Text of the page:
By Karen Price | April 05, 2017, 4:10 p.m. (ET)
Rickie Fowler reacts after putting on the 18th green during the final round of the Shell Houston Open at the Golf Club of Houston on April 2, 2017 in Humble, Texas.


It’s Masters week, and the top golfers in the world — including the four members of the 2016 U.S. Olympic Men’s Golf Team — are in Augusta, Georgia.

Always unpredictable, last year’s tournament was more shocking than most as catastrophe struck defending champion Jordan Spieth on the back nine and he ended up finishing tied for second. Can he rebound this year with another victory? Will the green jacket go to a golfer still looking for his first major championship, such as Rickie Fowler? Or will a former victor, such as Bubba Watson or Phil Mickelson, rise again?

Here are some storylines to follow as play gets underway with round one on Thursday:

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Can Jordan Spieth Put Last Year Behind Him?

With a five-stroke lead heading to the back nine on Sunday, Spieth was rolling toward his second consecutive Masters victory. It was his to lose, and then he did exactly that in epic fashion. By the time he got to the par-3 12th hole, his lead was down to just one stroke, and then a quadruple-bogey 7 left him behind three strokes. Instead of becoming just the fourth player ever to win back-to-back Masters championships, he stood in Butler Cabin and handed the green jacket over to England’s Danny Willett. The meltdown will forever be part of Masters lore, and the 23-year-old from Dallas has said in recent weeks that he’s looking forward to getting this year’s tournament over if only so can people will stop asking him about it. Of course, should Spieth win this year, which he well could, then the story becomes even more legendary and it’s doubtful he’ll ever stop being asked about it. Spieth has never finished lower than second in three Masters appearances, and despite missing the cut at the Houston Open last weekend he’s a favorite to be in the mix on Sunday.


Will Bubba Watson Factor?

Watson, a 2016 Olympian, was one of the favorites heading into last year’s Masters but finished tied for 37th and has struggled to crack the top 10 since (five of his last 23 starts). The two-time Masters champion (2012, 2014) has dropped from No. 4 to No. 18 in the world since March 2016, and the odds makers in Vegas listed his chances of winning this weekend at 30-1, but there never seem to be any shortage of surprises at Augusta. Last year, Jason Day was the favorite and Danny Willett’s chances were listed at 60-1. It’s tough to count out a former champion who’s won the green jacket twice.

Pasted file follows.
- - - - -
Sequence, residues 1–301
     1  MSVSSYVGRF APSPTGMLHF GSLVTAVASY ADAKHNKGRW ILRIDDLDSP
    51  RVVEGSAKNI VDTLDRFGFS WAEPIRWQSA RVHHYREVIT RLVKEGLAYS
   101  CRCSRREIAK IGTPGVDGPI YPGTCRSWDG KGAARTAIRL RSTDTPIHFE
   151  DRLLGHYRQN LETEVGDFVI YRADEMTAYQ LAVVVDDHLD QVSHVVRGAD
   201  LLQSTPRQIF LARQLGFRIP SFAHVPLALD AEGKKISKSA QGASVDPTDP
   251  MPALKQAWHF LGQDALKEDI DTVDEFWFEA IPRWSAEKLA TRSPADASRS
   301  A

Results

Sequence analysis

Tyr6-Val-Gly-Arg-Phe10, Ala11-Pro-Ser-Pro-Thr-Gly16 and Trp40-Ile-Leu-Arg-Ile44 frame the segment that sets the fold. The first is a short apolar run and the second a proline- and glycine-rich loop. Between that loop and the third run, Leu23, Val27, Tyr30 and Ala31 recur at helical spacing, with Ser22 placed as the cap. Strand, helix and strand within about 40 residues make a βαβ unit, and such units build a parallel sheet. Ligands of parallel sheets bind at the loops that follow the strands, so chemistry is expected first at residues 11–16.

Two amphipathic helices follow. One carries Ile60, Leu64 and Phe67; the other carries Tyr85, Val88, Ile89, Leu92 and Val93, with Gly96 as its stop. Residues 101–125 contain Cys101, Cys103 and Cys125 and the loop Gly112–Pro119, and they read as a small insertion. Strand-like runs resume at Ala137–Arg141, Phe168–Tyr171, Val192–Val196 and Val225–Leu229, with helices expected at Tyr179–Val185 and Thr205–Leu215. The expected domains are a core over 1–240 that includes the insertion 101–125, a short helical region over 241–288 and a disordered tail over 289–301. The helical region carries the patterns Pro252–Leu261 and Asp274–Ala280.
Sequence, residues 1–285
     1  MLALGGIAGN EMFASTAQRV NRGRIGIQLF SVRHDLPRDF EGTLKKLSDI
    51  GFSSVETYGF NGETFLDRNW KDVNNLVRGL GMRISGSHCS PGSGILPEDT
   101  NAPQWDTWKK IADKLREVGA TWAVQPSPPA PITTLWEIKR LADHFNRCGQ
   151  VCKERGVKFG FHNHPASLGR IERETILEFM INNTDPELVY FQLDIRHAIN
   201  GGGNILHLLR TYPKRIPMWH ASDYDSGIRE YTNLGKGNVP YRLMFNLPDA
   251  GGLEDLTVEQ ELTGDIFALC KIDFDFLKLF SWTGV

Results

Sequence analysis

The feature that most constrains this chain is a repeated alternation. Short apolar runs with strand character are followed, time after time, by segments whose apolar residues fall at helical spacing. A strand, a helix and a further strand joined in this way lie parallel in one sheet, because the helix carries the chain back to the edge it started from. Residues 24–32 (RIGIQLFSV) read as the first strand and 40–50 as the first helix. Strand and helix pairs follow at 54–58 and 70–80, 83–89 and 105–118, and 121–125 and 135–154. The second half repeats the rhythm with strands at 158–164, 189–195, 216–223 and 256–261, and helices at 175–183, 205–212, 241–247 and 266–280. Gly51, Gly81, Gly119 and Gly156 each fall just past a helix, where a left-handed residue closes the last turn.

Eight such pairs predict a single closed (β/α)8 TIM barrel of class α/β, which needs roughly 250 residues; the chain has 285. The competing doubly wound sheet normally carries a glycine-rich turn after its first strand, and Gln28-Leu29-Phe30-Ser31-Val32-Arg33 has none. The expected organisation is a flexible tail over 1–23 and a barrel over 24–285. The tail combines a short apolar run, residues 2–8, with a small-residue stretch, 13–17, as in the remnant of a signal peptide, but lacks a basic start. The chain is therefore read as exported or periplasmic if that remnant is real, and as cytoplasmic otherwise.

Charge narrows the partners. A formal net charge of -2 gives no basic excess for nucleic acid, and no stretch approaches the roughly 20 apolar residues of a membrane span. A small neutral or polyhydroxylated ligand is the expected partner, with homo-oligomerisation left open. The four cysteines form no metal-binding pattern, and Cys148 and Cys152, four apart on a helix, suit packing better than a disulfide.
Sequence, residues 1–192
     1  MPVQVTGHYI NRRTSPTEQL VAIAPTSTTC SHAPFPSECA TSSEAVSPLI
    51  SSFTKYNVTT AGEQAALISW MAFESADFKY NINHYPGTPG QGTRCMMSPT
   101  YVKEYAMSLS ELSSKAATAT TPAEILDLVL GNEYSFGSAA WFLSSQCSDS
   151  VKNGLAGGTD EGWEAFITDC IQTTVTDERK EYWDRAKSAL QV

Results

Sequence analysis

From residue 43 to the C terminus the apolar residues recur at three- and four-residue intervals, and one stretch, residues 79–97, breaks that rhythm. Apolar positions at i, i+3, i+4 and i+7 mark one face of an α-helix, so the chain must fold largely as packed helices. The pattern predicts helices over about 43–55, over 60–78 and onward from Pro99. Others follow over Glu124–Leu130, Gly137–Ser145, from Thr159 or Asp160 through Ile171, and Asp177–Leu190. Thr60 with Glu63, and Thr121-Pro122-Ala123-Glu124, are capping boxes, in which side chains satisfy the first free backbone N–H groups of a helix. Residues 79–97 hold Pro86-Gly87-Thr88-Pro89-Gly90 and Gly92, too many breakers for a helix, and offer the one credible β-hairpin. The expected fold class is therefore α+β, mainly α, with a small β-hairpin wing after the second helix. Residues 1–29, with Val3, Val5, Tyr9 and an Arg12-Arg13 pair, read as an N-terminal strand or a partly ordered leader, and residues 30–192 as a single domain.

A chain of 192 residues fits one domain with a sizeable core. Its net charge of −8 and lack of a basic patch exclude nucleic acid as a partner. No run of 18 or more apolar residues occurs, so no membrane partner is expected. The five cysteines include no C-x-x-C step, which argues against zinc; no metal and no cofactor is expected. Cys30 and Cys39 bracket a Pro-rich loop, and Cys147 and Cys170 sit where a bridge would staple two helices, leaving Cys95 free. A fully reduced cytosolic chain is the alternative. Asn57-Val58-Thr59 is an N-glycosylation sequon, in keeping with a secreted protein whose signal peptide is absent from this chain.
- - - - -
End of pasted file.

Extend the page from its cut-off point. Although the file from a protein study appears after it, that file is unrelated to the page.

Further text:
Will Olympian Patrick Reed Crack the Top 10 In A Major For The First Time?

Reed’s best finish so far this season in a PGA event came in January at the Tournament of Champions, where he finished tied for sixth, and he’s still looking for his first top 10 at a major. This will be his fourth time at the Masters, having missed the cut in 2014, finished tied for 22nd in 2015 and tied for 49th last year. The native of San Antonio struggled in Rio last August over the first three rounds, but shot a 7-under 64 on Sunday to finish in 11th place.


Can Rio Bronze Medalist Matt Kuchar Find His Way Back To The Leaderboard?

Kuchar, who made the U.S. Olympic team after others dropped out, shot an impressive 8-under 63 in the final round to win an Olympic bronze medal last summer in Rio. Kuchar, 38, of Sea Island, Georgia, regularly finds himself in the top 10 in PGA events and although he’s not among the favorites to win, he has had some impressive performances at Augusta. In 1998, when he was a sophomore at Georgia Tech, Kuchar finished 21st and he still gets excited to play the course. He was tied for the lead in 2012 in the final round and finished in the top 10 three years in a row from 2012 to 2014.


Can Rickie Fowler Win His First Major Championship?

Fowler, a 2016 Olympian, is one of the top younger players in the game, and his best Masters finish so far was when he tied for fifth in 2014. The 28-year-old has won four PGA events in his career, including his most recent win at the Honda Classic in February, his first since September 2015. The Jupiter, Florida, resident is ranked ninth in the world and is still looking for his first major championship, but he’s certainly among those to keep an eye on this year.


Will The No. 1 End Up On Top?

Dustin Johnson is the world’s top-ranked golfer and he’s coming in on one heck of a hot streak. The 32-year-old Columbia, South Carolina, native has won his last three events and is a 5-1 favorite to wear the green jacket. The Masters isn’t always good to top-ranked golfers, however. The last time a No. 1 won was Tiger Woods in 2002, so a fourth consecutive PGA victory for Johnson would snap a long streak. Johnson’s best finish at Augusta was tied for fourth in 2016.


Can Phil Mickelson Win It One More Time?

He’s a three-time Masters champion who still believes he can win a fourth time. That would put him in the stratospheric company of only Arnold Palmer, Jack Nicklaus and Tiger Woods. At 46, he would also become the oldest Masters champion of all-time. Mickelson hasn’t won a tournament in almost four years and has missed the cut at Augusta twice in the past three years but in 2015 finished tied for second.


Will Justin Rose Add Green To Gold?

The Olympic gold medalist has three top-10 finishes in six starts this season and has found himself in Masters contention several times in recent years including 2015, when he was runner-up. The 36-year-old from England is currently ranked 13th in the world and won the U.S. Open in 2013, and has never missed the cut in 11 Masters appearances.

Karen Price is a reporter from Pittsburgh who has covered Olympic sports for various publications. She is a freelance contributor to TeamUSA.org on behalf of Red Line Editorial, Inc.

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